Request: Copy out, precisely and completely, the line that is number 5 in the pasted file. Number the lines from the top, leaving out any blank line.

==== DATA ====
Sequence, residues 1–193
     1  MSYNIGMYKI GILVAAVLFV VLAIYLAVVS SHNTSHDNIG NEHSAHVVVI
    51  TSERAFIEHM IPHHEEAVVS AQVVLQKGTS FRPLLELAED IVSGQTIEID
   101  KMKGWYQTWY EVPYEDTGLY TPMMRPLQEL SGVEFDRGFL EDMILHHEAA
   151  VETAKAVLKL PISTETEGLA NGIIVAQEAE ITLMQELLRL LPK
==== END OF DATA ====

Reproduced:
   151  VETAKAVLKL PISTETEGLA NGIIVAQEAE ITLMQELLRL LPK